Some members of the Georgia Baptist Convention appear to be gearing up for a fourth-year legislative battle against LGBT equality in 2017.
Opponents of LGBT equality recently erected a billboard ad thanking Senator Josh McKoon for sponsoring last year’s Senate Bill 129, the so-called “Religious Freedom Restoration Act (RFRA)” legislation that would have written anti-LGBT discrimination into Georgia’s laws.
Though the ad praises McKoon for defending so-called “religious liberty,” RFRA and bills like it do nothing to protect freedom of religion—they merely serve as a smokescreen for discrimination. In February, a group of national and local civil rights leaders known as the Leadership Conference Education Fund convened in Atlanta to issue a report showing that religious exemption legislation has been used for centuries to deny civil rights to minority communities.
Furthermore, more than 365 of faith leaders across Georgia have come together to actively oppose RFRA, meeting with lawmakers and the public to explain that laws sanctioning discrimination in the name of religion do not affirm their faith and do absolutely nothing to protect it. And a report released in March by the Public Religion Research Institute (PRRI) actually showed majorities in most denominations oppose laws that use religion as an excuse to discriminate.
In addition to the billboard, some religious leaders are more explicitly calling for a 2017 legislative fight. J. Robert White, executive director of the Georgia Baptist Convention, recently wrote a letter to member pastors in which he encouraged them to “bear influence” on their state representatives and senators:
“I want to ask you if you would be willing to be one of approximately 200 Georgia Baptist pastors that I am seeking who would be willing to minister to your local representative and/or senator to develop a relationship and to fulfill needs for ministry for him or her and their family.”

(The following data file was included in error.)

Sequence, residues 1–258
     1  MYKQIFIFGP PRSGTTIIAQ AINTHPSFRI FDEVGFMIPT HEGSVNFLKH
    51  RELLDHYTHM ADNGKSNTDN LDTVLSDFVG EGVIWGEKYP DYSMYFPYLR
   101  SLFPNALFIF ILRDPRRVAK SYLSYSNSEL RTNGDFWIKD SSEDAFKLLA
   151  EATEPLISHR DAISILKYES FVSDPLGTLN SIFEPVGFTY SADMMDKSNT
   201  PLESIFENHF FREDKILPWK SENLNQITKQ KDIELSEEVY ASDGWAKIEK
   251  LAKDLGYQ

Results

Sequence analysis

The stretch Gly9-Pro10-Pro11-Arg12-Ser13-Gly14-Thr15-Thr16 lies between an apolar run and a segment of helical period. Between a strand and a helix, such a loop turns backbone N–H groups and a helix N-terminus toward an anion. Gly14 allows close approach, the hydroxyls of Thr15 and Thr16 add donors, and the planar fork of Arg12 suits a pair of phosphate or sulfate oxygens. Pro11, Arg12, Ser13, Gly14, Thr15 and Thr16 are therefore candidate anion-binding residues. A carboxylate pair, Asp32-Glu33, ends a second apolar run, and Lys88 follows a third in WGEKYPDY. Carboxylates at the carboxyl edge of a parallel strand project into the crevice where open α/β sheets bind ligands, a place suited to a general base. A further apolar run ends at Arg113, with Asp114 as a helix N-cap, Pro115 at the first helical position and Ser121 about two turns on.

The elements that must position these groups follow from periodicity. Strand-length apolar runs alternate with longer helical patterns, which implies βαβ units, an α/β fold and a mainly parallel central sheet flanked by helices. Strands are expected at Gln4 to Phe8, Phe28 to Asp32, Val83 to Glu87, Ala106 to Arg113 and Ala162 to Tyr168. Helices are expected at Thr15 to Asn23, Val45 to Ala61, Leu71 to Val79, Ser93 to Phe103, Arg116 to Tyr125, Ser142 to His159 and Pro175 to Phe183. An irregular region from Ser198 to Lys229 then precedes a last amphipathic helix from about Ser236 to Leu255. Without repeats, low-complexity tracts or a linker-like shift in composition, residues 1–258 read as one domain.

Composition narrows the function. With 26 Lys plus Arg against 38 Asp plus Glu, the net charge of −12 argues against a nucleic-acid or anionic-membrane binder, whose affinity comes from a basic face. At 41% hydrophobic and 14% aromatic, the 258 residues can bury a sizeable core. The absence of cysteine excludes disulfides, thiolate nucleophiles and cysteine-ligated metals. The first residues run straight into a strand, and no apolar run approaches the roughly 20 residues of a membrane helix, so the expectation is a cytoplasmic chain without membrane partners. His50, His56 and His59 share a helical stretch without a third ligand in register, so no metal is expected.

If anti-LGBT legislation is introduced during the 2017 legislative session, it will be for the fourth year in a row. That’s four consecutive years that lawmakers’ time and energy has been distracted from more pressing issues, and the fourth year that Georgia’s economy has been put in jeopardy by some fringe lawmakers’ desire to discriminate.
Last year, Georgia’s economy nearly capsized under the weight of businesses small and large that made it clear their investment in Georgia would be in question if lawmakers enacted any forms of LGBT discrimination. The economic turmoil nearly boiled over after House Bill 757—a “license to discriminate” that explicitly legalized discrimination against LGBT Georgians, single women, and religious minorities—was fast-tracked through the legislature. Entertainment industry heavyweights like Disney and Marvel said they would pull filming, major employers like Dow Chemical and Home Depot contemplated downsizing, and Georgia’s bid for a Super Bowl was even threatened before Governor Deal vetoed the bill in March.
Georgia cannot afford to go through this again. But opponents of LGBT equality clearly can—this billboard ad buy shows that they are well-funded. And the fact that they are ramping up for another fight after a veto from Republican Governor Nathan Deal and the massive outcry from businesses, faith leaders and hundreds of thousands of regular Georgians shows these fringe groups just won’t quit.
Georgians should not have to go one more round with the forces of fear and hate after such overwhelming rejection of these anti-LGBT bills.SHARE THIS STORY